You’ve finally found your dream home, an apartment so well-loved even you can afford it. You settled in, cleaned the carpet, set the mouse traps … and then the eviction notice arrives: your landlord’s been foreclosed on. And the bank that owns the place now wants you out.

It’s happening a lot in this city, where tenants get caught in the financial meltdown through no fault of their own. But don’t panic: in most San Francisco buildings, foreclosure isn’t a legal grounds for eviction. But you’ll have to stand up for your rights.

Here’s what the San Francisco Tenants Union advises:

If you sense your landlord’s at the brink of foreclosure, watch for telltale signs: realtors checking out the property or repairs that go unresolved. Keep in mind that lack of money is no defense for maintaining property, so call the Department of Building Inspections at 415-558-6200 for help with holding property-owners to their repair responsibilities.

Once the eviction notice due to foreclosure arrives, find out if you are covered by rent control. If you aren’t (if your rental was built after 1979 then you definitely aren’t) the bank has the power to evict you within 90 days. If you do have rent control, you have eviction protection. This means the bank can’t evict you or raise your rent.

Unfortunately, the bank might not know that if it’s based outside the city or state. Ignore the letters to vacate and contact the bank of its property agent directly to let them know you have protection. Then file a wrongful eviction petition with the SF Rent Board, which also handles cases from Oakland, Berkeley and West Palo Alto (forms available at the office at 25 Van Ness, SF or online at www.sfgov.org/rentboard).

Rent control or no, landlords can only collect rent on foreclosed properties until the deed of trust has gone to the bank. Determine who has control of your property to avoid paying rent twice. This information is available at the City Assessor’s Office at 415-554-7915. Send letters to the bank and to your landlord saying you have the money but don’t know who to pay. Until you can determine who has control, don’t pay rent.

For more resources, check out SF Tenants’ Union Web site at www.sftu.org.


Avoid check-cashing fees

By Caitlin Donohue

ATM charges, big old monthly fees, frustrating commercials — oh Lord, save us from these banks! But you can’t live without ’em either — the average unbanked American spends 5 percent of his or her income at the check-casher. In San Francisco, we drop a total of $40 million a year accessing our own money — not to mention how much goes toward money order fees.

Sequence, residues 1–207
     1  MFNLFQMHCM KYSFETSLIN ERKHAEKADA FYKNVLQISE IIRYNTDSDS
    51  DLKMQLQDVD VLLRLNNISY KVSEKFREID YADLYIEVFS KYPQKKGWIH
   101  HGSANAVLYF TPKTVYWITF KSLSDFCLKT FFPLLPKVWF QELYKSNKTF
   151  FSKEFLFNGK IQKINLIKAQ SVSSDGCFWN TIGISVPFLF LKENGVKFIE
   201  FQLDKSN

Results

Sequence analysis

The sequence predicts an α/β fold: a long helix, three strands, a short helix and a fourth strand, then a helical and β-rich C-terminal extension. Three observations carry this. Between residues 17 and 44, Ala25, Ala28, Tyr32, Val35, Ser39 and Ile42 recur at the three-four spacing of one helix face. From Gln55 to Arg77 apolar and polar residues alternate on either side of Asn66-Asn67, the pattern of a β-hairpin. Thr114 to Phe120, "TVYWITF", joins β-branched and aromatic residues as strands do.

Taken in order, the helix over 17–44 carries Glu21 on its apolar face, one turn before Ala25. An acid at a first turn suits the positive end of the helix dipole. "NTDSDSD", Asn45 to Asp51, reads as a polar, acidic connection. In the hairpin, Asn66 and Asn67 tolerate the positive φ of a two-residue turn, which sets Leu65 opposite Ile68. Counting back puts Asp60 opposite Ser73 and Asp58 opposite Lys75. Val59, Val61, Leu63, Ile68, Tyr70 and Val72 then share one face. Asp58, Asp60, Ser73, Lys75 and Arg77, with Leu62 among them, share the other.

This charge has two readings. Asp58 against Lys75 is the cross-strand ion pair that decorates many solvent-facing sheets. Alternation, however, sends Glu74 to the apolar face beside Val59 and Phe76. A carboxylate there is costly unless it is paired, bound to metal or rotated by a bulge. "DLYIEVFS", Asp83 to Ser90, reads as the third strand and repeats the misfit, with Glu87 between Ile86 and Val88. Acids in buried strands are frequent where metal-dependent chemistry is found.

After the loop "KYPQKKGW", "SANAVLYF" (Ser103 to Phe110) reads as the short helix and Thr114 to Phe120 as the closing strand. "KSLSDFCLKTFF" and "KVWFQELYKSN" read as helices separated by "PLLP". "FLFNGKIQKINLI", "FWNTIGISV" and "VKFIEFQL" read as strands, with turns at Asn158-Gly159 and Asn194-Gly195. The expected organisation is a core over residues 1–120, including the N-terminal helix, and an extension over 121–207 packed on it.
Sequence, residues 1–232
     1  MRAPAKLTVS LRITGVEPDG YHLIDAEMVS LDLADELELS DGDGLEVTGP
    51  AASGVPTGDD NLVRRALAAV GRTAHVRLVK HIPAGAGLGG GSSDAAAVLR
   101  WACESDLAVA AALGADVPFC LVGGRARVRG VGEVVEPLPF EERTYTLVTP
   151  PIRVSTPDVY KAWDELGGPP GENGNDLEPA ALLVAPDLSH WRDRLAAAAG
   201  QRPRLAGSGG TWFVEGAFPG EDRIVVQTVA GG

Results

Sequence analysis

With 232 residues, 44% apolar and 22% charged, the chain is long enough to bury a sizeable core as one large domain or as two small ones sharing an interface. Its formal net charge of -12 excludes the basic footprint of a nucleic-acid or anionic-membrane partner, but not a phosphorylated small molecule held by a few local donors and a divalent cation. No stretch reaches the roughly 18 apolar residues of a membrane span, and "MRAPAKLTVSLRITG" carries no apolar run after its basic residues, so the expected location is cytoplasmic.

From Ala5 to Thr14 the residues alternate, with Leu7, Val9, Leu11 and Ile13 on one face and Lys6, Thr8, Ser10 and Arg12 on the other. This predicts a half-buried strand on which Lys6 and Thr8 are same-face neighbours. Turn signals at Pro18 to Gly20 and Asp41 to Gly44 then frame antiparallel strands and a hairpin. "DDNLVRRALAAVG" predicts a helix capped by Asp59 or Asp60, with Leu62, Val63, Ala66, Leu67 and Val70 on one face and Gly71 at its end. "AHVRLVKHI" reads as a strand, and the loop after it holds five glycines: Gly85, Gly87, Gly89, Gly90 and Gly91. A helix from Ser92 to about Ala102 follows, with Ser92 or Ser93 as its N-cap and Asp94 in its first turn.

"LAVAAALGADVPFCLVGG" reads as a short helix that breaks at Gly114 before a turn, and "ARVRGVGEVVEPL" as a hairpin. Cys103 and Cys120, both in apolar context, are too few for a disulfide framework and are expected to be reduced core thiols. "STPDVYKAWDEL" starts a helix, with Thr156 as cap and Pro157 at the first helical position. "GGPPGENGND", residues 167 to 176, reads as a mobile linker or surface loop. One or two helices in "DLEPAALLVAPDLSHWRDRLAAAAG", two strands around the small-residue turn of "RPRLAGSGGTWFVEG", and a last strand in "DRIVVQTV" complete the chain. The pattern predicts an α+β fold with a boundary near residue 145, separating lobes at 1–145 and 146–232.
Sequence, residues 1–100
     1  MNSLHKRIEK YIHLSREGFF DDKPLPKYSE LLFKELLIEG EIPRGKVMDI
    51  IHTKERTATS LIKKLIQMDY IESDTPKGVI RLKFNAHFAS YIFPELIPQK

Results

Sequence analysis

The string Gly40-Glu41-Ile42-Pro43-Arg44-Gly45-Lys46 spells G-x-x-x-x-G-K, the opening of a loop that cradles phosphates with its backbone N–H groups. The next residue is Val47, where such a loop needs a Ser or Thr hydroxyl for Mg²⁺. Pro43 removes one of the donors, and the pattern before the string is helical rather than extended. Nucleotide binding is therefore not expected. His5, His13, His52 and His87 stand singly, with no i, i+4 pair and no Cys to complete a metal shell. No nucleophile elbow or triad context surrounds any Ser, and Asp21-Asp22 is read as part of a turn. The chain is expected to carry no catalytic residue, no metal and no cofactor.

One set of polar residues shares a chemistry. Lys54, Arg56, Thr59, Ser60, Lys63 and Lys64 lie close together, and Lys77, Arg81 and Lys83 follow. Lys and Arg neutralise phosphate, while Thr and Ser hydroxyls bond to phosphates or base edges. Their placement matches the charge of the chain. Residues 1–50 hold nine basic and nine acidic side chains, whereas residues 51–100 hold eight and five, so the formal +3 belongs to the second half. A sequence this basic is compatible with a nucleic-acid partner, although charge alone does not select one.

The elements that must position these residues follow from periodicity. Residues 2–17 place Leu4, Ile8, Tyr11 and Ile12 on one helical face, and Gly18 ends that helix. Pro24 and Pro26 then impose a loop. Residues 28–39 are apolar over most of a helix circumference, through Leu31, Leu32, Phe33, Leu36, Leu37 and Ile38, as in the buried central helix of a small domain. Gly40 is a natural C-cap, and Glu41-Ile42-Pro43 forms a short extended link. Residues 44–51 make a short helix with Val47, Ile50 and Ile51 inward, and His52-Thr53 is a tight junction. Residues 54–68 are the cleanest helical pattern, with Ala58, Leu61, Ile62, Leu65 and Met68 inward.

Enter the Bank of San Francisco, the mayor’s brainchild that allows city residents to open a checking or savings account for $5 a month or less. The bank is open to those without Social Security numbers as well as residents who have a poor record with accounts in the past. Go to www.bankonsf.org for more information on the program, or keep an eye peeled for one of the 140 participating city banks that have a “Bank on SF” sign in their window. There’s no reason to pay check-cashing fees any more.


Food so cheap, it’s free

Let’s level here: how broke are you? Two-for-one beers and discounted oysters are all well and good for the casually unmonied, but there are times when one needs a real deal on nutrition — like, food that really is free. If we’ve got your number, here’s the Web site for you: www.freeprintshop.org, whose printable calendar lists 20 organizations that dish up meals open to all comers, including Food Not Bombs’ vegetarian dinners, which are served four times a week in U.N. Plaza. Free Print Shop gets the posthumous thumbs-up from Abraham Maslow: the up-to-date info on shelters, mental health, and neighborhood resources in the city has the bottom tier of your hierarchy of needs covered. Except for maybe the sex part; that might be another Web site. (Caitlin Donohue)


Inner peace, by donation

It is said that whenever Buddha would speak to an audience that had not yet recognized him as their spiritual teacher, he would first expound on the concept of dana, or giving. If the listeners were unable to grasp this basic principle, he knew they weren’t ready for the Four Noble Truths.

Would that all yoga studios were this enlightened. I mean, $20 for 90 minutes of inner peace?

We are lucky that with a little bit of looking one can find financially accessible ayurveda even here, in the city of yoga-yuppies. Case in point: Yoga to the People, whose beautiful new Mission District studio (and fixture Berkeley location) offers three classes a day by donation, some of them by candlelight and all of them dana approved. And they’re not the only ones. Here’s a list of places that will relieve that tension you’ve been holding, including the strain in your wallet. (Caitlin Donohue)


Class schedule online, donations

2673 16th St., SF

64 Shattuck, Berkeley



Mondays, 6-7:30 p.m., donations

55 Taylor, SF



Sundays, 1-2:30 p.m., free